Should drug addiction be treated as a health problem or a criminal justice problem? This is the question students should be asking themselves as the Nov. 6 elections draw near.

On the ballot this year is State Issue 1. The core of this amendment, in summary, will reclassify the lowest level drug possession and lower charges from a felony to a misdemeanor, and the money saved from less incarceration would be spent on drug treatment programs and programs for victims of crimes. Trafficking and drug dealing will remain a felony; any amount of a substance can lead to a trafficking charge.

Currently, Ohio has the second-highest drug overdose death rate in the nation, according to the Centers for Disease Control and Prevention’s National Center for Health Statistics. Ohio’s prisons are at 132 percent capacity, according to Ohio Department of Corrections. Issue 1 is a change that Ohio desperately needs.

The mental health community has known for years that prisons are not an effective means of treating substance-use disorders. If prison was an effective treatment option, we would not be seeing the prison overcrowding that we are now; 95 percent of incarcerated addicts will return to substance-use after their release from prison, according to a report by the Justice Policy Institute.

While addicts typically do not gain sobriety from being incarcerated, they gain a felony record that makes it difficult to be employed. The cost of treatment is cheaper than the cost of prison. According to the Prison Bureau, it is an estimated $87.61 per day to incarcerate someone.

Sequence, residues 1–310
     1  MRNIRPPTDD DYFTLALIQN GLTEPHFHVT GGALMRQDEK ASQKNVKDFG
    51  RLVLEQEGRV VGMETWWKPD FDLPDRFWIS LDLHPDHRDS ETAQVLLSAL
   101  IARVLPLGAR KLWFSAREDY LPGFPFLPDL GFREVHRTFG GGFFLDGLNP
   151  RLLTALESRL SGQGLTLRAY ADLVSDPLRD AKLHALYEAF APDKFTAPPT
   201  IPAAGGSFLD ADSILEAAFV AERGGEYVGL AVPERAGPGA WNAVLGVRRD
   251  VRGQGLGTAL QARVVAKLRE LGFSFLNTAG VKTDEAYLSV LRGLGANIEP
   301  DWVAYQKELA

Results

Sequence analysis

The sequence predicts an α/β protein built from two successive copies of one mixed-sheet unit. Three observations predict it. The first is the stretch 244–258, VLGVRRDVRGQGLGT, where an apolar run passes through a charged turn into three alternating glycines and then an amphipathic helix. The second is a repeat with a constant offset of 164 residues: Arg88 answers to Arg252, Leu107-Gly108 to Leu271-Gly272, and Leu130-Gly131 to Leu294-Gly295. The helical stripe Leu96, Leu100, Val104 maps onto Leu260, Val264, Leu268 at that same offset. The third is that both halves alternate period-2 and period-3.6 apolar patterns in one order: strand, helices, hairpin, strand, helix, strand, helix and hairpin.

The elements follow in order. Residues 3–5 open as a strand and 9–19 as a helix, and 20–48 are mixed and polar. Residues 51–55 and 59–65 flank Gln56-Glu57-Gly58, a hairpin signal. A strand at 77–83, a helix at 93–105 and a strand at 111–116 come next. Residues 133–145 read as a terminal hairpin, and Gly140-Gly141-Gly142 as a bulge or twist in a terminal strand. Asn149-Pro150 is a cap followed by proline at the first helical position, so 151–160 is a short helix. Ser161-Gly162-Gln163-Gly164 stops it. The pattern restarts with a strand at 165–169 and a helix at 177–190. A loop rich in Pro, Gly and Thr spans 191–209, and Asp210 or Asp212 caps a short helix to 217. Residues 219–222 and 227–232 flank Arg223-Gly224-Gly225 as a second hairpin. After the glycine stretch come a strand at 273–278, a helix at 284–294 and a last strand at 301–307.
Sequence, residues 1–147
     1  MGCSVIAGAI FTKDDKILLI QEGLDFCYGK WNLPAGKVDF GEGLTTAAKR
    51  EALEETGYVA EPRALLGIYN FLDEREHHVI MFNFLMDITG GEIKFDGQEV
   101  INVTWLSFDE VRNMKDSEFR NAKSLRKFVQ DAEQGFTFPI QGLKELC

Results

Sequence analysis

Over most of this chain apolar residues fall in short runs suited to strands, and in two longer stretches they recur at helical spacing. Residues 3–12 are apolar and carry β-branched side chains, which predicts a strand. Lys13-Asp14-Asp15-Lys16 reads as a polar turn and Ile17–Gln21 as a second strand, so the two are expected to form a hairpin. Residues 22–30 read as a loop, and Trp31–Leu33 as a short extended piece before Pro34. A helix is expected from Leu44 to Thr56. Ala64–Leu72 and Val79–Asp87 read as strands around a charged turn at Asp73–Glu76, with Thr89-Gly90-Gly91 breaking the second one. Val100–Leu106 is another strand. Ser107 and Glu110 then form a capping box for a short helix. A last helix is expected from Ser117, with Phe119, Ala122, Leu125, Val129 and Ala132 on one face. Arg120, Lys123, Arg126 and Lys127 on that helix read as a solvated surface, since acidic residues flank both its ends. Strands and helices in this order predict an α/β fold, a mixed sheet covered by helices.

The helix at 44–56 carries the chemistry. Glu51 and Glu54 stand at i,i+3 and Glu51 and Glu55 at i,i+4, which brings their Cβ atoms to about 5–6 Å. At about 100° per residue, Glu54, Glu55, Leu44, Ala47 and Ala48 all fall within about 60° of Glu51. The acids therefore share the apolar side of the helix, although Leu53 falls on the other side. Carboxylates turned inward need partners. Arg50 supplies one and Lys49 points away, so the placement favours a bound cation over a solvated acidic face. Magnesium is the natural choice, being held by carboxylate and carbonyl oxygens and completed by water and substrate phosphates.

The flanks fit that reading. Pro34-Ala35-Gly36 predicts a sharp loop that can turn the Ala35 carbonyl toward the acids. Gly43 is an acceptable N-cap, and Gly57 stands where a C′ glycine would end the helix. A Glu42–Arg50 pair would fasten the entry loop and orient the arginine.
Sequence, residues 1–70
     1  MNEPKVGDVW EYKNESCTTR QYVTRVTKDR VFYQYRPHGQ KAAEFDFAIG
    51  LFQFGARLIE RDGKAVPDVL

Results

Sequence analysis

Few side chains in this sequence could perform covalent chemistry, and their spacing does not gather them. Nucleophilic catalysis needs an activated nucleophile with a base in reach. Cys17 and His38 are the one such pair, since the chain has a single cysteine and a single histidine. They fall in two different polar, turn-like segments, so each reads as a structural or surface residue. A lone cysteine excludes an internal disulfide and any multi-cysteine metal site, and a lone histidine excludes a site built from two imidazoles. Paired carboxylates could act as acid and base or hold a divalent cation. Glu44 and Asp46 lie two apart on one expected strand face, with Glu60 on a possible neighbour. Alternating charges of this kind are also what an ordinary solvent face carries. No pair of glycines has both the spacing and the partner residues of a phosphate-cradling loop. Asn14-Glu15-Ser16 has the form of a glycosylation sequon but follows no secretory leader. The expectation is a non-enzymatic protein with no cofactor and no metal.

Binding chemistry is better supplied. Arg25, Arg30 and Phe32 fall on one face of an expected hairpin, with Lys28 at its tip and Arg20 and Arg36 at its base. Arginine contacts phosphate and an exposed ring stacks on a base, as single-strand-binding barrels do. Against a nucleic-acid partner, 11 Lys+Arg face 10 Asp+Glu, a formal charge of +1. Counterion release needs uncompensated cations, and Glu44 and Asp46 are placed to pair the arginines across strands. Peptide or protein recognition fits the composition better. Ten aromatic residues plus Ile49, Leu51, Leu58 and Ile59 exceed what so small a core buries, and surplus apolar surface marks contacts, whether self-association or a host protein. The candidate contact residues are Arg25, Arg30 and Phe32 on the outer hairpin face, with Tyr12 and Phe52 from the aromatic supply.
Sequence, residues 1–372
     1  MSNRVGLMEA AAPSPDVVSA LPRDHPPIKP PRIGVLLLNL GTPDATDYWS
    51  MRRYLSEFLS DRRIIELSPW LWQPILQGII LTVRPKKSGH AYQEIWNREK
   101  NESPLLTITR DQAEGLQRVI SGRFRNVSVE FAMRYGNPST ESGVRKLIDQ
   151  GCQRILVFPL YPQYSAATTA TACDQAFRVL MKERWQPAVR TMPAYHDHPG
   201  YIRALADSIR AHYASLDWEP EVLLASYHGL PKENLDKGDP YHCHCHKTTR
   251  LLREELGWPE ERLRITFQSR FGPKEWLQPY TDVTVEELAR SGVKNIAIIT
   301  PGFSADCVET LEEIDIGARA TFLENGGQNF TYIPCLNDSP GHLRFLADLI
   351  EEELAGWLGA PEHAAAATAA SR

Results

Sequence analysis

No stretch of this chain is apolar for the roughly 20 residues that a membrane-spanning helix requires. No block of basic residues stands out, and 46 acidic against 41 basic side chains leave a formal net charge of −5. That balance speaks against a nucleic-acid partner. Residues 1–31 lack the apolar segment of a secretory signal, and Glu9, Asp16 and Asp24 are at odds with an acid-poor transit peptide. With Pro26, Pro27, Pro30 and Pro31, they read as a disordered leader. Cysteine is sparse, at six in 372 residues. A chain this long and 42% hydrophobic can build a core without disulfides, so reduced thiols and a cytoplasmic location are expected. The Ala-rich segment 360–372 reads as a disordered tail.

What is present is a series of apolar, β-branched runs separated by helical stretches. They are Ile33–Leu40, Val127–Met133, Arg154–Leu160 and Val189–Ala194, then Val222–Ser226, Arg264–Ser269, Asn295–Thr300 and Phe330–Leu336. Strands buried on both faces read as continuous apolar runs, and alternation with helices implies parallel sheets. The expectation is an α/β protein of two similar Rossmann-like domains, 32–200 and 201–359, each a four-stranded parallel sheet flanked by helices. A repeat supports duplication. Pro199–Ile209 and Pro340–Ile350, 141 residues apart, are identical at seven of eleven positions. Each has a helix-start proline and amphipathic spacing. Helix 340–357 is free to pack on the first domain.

Similar legislation to Issue 1 has passed in Alaska, California, Connecticut, Oklahoma and Utah. While these states have already begun to benefit from criminal justice reform and contrary to the apocalyptic predictions by those opposed to Issue 1, they have not seen a surge in crime.

For example, California passed Proposition 47 in 2014. According to the Public Policy Institute of California, two years since the implementation of Proposition 47, California has seen a drop in reoffense by 3.1 percent, arrest rate by 1.8 percent and prison population by 6 percent. It is estimated by the Legislative Analyst’s Office that the first year of implementation (2015-16) saved California $135 million in total prison cost.

Issue 1 is a bipartisan amendment for criminal justice reform supported by notable organizations and individuals such as Ohio’s American Civil Liberties Union, Ohio’s Education Association, Ohio’s Black Caucus, musical talent and Ohio native John Legend, former Republican House Speaker Newt Gingrich and Democratic candidate for governor Richard Cordray.

The Ohio Black Caucus specifically has given significant support toward Issue 1. Opponents to Issue 1 see the amendment as a problem because it will take power away from judges, while supporters of the amendment see this as a positive change. Under the current system a judge has the discretion to decide if a person charged with only drug possession will be charged with a felony or misdemeanor. When judges have this discretion, minorities are typically the people who get charged with felonies. In the most recent census, African Americans made up 45 percent of the overall prison population in Ohio, despite making up just 14 percent of Ohio’s total population. Issue 1 will ensure that justice is truly unbiased and fair. For addicts, whether your charge is a felony or misdemeanor will no longer be decided by the judge who happens to be sitting in front of you—a judge who may have an implicit bias against your race, income or appearance.

Issue 1 will help provide treatment resources, improve justice for minorities and help alleviate our drug epidemic and prison overcrowding. Vote Yes on Issue 1.